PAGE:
(Note 2: my first draft of this was in early December — if your experiences differ from mine, either because…well, you’re you, or because the batch you sampled truly varied, please do leave a comment below. We want people to weigh in with their experiences.)
The look of this limited run Porter was immediately promising, though the head could maybe have exhibited stronger signs of life. It rose well upon pour, but wasted little time in going back to sleep. The color, however, was an impressive, like saturated deep dark brown corduroy with a thin, thin strain of mahogany hue when held up to the light.
Initially, the scent of this brew was as coy as the aforementioned sweethearts. Indistinct whiffs made their way to my curious olfactory receptors, but failed to activate any strong responses. I wrapped my hands around my glass and waited a bit. I didn’t have my thermometer with me (a mistake I won’t repeat), but I guessed that my pint was a few degrees below the 50–52ºF that really releases the aroma and at which I enjoy a Porter.
Once I’d gotten the object of my desire a little more comfortable, it loosened up a bit, and some detectable scents began to escape. Chocolate. Barbecue. Earth covered dandelion roots. And then—there she was: barley.
All these greeted my sinuses as I lifted the glass and whispered sweet nothings to the fading foam and took a sip. Now, not reading the brewmaster’s description, whenever possible is key. At least until you’ve developed a first impression. First of all, once you say the word “nutty,” about a beer before I’ve had a chance to sample it, I have a hard time keeping the suggestion out of my head without some work. So it was a relief to roll the liquid around in my mouth for a bit, let it cascade down past my tonsils, smack my lips, and breathe, “cherrrry….”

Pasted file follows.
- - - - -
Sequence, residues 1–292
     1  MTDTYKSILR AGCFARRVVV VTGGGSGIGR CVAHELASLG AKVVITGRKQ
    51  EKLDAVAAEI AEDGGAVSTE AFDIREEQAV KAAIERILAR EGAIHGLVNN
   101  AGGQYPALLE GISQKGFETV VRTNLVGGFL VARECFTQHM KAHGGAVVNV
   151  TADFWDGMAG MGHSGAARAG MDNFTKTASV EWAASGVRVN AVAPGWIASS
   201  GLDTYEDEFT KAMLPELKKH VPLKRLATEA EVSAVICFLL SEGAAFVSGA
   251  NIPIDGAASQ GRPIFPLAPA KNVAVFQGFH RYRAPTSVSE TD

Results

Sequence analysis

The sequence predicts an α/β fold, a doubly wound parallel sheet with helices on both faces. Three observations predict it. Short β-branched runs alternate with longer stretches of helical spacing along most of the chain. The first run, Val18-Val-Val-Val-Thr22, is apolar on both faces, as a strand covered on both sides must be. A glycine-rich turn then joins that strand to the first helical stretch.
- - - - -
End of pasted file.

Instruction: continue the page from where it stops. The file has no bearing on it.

Cherry was, indeed, a highlighted tone in the Harvest’s profile of the beer. The smoked malts instilled a complexity that contained just enough tension between the richly developed sugars and the fruity, tangy strains. In total, a very balanced Porter taste—not shy, but not overly aggressive, either. Funny, though, I waited to taste the chocolate that I’d smelled earlier, and that flavor never came. It’s absence turned out to be a relief, because it would have been like being at a party with one of your good friends who just didn’t quite fit in with that crowd.
I was very pleased with the texture. After my disappointment in the head, I braced myself for the “Before” picture in the Soloflex ads. A click over medium-bodied, the density presented itself with a general silkiness that hid just the right amount of grittiness. Best of all, you felt this brew going down, and your mouth was treated to a slight after-froth I wished I could take home with me.
Overall, the Smoked Porter turned out to be an easily drinkable beer, and would be a very accessible introductory candidate for anyone used to American ‘mersh brews who’s looking to explore something that does a better job nourishing the spirit. And at a reasonable 6% alcohol, if it takes two (or even three over the course of an evening) to make up your mind solidly, you’ll be able to recall this tasty beverage and describe it to friends the next day.
We rate this this Winter Brew “Very Good,” and do hereby induct it into our Winter Brew Approved Review.